When Should You See a Hives Specialist?  

Hives aren’t necessarily harmful but they can be a threat if you experience them as a part of a severe allergic reaction. You should immediately consult a hives doctor if you have the following symptoms: 

  • Dizziness
  • Nausea or vomiting
  • Trouble breathing
  • Wheezing 
  • Facial swelling, especially on the lips, eyelids, and around the mouth 
  • Chest pain and tightness  
  • Rapid pulse 

How Are Hives Diagnosed?  

When you come in for a skin consultation, a doctor will first do a physical exam and visually examine your skin. To identify the possible cause of your hives, you may also be asked some specific questions such as: 

  • When did the hives start?
  • How long have you had the symptoms?
  • Did you get an insect bite?
  • What were you eating or drinking before the rashes appeared?
  • Do you have itchy or painful hives?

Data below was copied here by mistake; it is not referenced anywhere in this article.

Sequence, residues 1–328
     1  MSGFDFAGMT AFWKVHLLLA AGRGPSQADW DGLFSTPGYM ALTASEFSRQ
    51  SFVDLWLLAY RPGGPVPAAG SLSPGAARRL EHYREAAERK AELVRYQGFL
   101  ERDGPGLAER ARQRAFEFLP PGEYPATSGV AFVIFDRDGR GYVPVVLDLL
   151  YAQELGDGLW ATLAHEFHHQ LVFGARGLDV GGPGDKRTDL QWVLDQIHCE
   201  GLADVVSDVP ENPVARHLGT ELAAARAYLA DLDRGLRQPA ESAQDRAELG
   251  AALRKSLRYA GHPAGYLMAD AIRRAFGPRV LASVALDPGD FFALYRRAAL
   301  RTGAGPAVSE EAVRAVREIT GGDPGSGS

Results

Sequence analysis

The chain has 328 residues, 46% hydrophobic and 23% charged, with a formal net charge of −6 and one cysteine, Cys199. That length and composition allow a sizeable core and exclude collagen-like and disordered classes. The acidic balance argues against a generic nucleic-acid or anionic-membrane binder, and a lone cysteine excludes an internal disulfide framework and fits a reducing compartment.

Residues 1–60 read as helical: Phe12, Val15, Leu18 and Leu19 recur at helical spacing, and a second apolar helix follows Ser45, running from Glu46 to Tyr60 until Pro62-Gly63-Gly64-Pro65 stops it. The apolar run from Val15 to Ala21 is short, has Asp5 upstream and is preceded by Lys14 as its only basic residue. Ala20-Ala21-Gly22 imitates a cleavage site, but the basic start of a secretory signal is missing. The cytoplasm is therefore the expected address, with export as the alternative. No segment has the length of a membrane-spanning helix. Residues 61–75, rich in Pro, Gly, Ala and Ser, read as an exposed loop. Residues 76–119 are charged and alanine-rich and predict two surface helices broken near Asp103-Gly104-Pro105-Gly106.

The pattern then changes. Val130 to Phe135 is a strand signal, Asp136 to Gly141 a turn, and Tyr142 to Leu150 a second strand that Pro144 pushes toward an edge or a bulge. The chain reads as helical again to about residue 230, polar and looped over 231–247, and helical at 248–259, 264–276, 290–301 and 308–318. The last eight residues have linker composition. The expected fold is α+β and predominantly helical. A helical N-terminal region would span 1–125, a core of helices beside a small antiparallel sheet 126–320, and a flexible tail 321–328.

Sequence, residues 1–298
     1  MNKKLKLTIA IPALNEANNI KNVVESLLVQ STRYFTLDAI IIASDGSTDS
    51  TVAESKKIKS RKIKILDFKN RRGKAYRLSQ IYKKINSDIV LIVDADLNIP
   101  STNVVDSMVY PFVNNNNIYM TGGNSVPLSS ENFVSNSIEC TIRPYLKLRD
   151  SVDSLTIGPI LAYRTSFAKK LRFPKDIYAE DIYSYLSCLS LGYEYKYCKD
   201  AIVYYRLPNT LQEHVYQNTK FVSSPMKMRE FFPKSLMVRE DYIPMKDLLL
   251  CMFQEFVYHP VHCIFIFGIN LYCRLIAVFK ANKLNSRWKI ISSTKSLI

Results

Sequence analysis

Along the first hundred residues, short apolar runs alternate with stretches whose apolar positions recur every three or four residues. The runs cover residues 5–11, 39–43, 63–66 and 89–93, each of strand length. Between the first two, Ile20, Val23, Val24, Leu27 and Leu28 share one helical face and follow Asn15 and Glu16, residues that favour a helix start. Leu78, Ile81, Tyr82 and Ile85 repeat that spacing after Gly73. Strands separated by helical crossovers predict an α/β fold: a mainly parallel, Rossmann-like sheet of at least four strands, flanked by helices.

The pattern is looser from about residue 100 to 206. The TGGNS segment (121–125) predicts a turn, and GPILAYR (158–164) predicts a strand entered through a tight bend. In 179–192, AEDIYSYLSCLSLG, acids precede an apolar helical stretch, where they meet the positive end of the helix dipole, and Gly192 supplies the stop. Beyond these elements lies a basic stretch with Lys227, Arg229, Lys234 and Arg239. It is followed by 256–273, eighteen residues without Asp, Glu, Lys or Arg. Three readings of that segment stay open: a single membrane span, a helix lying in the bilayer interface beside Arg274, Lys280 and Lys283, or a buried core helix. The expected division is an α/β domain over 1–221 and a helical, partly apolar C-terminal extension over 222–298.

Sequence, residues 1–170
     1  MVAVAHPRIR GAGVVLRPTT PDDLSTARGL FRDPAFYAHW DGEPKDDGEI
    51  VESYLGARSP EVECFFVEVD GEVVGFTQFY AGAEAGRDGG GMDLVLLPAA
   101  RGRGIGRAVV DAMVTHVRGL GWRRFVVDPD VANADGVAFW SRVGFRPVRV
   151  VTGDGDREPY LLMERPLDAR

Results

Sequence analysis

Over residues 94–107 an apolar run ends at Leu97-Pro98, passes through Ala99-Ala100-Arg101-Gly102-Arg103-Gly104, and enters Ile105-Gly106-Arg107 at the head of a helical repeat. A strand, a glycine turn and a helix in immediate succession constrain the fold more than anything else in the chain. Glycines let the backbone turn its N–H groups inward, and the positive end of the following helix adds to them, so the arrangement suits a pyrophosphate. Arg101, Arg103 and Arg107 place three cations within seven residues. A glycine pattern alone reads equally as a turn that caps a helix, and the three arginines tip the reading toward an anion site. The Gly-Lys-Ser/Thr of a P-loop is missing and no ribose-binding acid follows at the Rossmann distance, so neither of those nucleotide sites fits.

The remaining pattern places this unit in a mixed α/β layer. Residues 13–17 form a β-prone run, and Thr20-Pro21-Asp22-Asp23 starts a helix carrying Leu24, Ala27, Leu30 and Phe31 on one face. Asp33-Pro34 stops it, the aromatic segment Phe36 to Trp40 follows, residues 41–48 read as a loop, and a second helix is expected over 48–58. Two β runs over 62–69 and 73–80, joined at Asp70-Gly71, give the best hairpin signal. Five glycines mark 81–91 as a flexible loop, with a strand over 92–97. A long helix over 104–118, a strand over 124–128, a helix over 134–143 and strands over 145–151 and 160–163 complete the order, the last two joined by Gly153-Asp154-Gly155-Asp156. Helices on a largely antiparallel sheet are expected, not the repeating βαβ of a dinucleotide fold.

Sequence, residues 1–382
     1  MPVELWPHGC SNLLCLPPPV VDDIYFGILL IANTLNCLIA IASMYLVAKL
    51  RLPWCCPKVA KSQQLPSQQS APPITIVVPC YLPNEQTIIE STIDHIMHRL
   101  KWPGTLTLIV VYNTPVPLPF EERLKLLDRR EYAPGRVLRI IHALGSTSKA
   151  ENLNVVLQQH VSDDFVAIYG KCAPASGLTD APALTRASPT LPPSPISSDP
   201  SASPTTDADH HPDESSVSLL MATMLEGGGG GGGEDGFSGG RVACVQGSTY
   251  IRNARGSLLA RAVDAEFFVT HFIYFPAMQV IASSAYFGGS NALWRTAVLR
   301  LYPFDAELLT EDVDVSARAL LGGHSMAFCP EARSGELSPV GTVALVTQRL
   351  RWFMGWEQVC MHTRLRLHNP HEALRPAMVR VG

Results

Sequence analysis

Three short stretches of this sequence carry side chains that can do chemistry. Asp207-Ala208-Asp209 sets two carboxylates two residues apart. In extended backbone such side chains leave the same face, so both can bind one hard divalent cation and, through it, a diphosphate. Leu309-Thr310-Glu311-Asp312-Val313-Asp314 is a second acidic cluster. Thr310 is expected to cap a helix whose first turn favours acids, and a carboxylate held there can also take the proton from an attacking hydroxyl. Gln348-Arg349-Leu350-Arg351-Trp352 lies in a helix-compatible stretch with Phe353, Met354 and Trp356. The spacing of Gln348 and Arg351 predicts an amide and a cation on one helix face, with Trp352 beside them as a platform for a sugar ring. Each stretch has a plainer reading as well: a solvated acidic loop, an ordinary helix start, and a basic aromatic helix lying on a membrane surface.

• Are you taking oral medications? 

If you have suspected allergies, a skin test or blood test may be performed to confirm your trigger. In some cases, a skin biopsy may also be done to get a more accurate diagnosis. 

Schedule Your Consultation Now at Dermatology & Skin Health

At Dermatology & Skin Health, we offer world-class services done by award-winning doctors who have proven their knowledge and skills in this field. Start your journey towards achieving your best skin by contacting us today.

Best Treatments to Get Relief from Hives 

When the cause of hives is confirmed to be an allergen, the most important step is to eliminate or completely avoid the known trigger. However, if the cause is unknown such as for people with chronic urticaria, a dermatologist may prescribe medications to offer relief from hives.